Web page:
But, being the starting stop for the 212, we have our pick of seats and can therefore claim the front right on the top deck. Glorious!
Up beyond the garage we peel away from central Walthamstow and towards "the village", where we get off up Church Hill to go look for a post box. But first there's an owl mosaic. Helen always appreciates bonus owls.
The other side of St Mary's church yard there's an ancient house. Right next to it is a sign pointing at it, saying "ancient house". Well OK then.
This is a bonus as well. We're here for a post box, damn it, and here it is. Unexpectedly it's not actually in use any more, but it's still historical and cultural and stuff. It's a hexagonal "penfold" pillar box and looks like this.
Somebody is very impressed. They do, in fact, think it's glorious, and this is the most carefree demonstration of that emotion yet – what with a bunch of other people around and seeing us pose for and take this pic. Fuck 'em!
At the back there's a little bar, and it even serves booze, but to be honest drinking in here might be a bit too much overkill on the senses. Also it's warm outside and there are places to sit and drink there because the three other things on our list for the day are also in this industrial estate. It's basically the best industrial estate ever. Let's have some gin shall we?
That would be a gin palace in a converted munitions factory, as you do. We go in and are moderately flabbergasted by the selection of gins available. The menu has 6 pages of them.
All those bottles above the bar are gin. All of them. Helen has a Mothers Royale – prosecco with a rhubarb liqueur – and I have an Old Tom, a gin made on the premises and cut with tonic and coriander and some other stuff. It's lovely and hella strong. Outside we can't find a seat so we're back indoors, but wanting a drink elsewhere we abandon the temptation to have more here (we have bought one of their bottles to take home, after all). The second we emerge a party leaves a table across the way which I immediately grab. Score!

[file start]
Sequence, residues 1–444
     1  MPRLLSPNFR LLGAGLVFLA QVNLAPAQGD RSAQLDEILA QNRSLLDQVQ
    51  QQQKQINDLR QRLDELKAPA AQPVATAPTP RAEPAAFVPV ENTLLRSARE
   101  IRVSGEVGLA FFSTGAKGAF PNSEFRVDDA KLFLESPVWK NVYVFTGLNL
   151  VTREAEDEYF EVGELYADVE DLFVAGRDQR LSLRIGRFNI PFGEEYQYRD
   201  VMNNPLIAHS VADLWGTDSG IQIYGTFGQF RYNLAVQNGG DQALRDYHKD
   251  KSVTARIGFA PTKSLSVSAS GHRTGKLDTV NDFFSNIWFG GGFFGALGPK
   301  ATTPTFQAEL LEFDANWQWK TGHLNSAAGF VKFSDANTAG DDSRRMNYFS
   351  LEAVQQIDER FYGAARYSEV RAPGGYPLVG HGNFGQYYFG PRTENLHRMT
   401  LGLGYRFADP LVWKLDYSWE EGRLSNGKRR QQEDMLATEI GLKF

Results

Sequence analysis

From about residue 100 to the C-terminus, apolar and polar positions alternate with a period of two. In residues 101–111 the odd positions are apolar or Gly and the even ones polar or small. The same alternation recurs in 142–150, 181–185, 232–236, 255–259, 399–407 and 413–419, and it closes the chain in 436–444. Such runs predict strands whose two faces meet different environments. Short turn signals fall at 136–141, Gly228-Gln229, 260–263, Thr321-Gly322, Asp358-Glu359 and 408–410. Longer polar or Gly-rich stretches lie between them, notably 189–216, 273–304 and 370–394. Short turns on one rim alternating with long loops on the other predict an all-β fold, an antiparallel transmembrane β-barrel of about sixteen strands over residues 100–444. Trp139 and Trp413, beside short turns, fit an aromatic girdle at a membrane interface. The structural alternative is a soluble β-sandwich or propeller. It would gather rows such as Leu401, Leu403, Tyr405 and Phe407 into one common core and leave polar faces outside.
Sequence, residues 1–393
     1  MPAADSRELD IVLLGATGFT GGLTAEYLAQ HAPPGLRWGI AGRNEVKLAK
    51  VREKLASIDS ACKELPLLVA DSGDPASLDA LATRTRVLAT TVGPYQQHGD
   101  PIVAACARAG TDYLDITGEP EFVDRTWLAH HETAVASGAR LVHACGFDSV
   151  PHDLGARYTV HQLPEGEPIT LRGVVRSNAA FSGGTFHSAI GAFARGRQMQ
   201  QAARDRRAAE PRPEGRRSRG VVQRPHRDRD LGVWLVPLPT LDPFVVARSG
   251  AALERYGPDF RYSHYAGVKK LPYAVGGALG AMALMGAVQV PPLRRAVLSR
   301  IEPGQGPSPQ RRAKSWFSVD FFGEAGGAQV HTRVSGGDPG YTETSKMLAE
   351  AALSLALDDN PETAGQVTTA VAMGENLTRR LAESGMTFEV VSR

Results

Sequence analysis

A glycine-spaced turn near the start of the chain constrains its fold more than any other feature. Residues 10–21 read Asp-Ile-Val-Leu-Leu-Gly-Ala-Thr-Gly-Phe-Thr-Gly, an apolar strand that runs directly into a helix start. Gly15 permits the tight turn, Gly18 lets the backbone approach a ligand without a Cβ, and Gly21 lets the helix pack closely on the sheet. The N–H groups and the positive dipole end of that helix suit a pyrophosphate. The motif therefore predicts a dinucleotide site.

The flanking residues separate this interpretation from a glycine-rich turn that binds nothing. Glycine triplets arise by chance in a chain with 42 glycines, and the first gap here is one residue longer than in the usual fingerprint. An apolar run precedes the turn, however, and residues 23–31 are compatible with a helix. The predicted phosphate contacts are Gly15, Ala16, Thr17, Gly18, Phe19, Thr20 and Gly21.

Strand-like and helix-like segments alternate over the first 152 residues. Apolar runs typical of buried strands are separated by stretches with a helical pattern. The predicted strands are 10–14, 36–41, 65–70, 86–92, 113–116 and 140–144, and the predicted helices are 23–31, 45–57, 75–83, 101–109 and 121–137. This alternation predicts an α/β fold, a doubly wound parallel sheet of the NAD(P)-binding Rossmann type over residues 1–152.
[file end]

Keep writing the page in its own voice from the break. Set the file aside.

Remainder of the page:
So now we're sat outside The Real Al Tap. It's a place we'd not heard of before turning up; it's selling loads of kinds of cider and craft beer. We like those things! Helen has a can of tamarind sour (which we think she'd had before, in episode 1 down in Lewisham) and I have some Partizan porter. This is pretty fucking glorious.
Far from the (very) cosmopolitan nature of the rest of Walthamstow, here is the perfectly predictable "mix" or 30-40-something middle class mostly white hipster motherfuckers drinking expensive but fantastic booze. There's a table of "Bollocks to Brexit" march-attendees on the table just over there, who apparently have been talking smack about "northerners and their shit lager" in my absence.
Keeping the same seats, I pop into Pillars Brewery next door and buy a pint and half of chocolate orange black lager. Because, y'know, fucking hipsters.
Helen's already claiming to feel a bit pissed by now, but also wants to leave because the bench we're at is quite uncomfortable. Much to my surprise and delight she agrees that standing up might be better and indeed acceptable should we get another drink, because I'm insistent that we get another drink because also in this industrial estate is the Wild Card brewery.
Yes. Three breweries or otherwise purveyors of great beer, a gin palace, and a booze-vending neon cavern. Like I said, this is the best goddamn industrial estate in the world.
Inside Wild Card we queue up and then, while being served, I grab another spare bench. This is working out very well, though the "Black Forest Gateau" beer I want isn't available so I have to settle for a chilli porter so hot it makes me cry and almost gives me hiccups.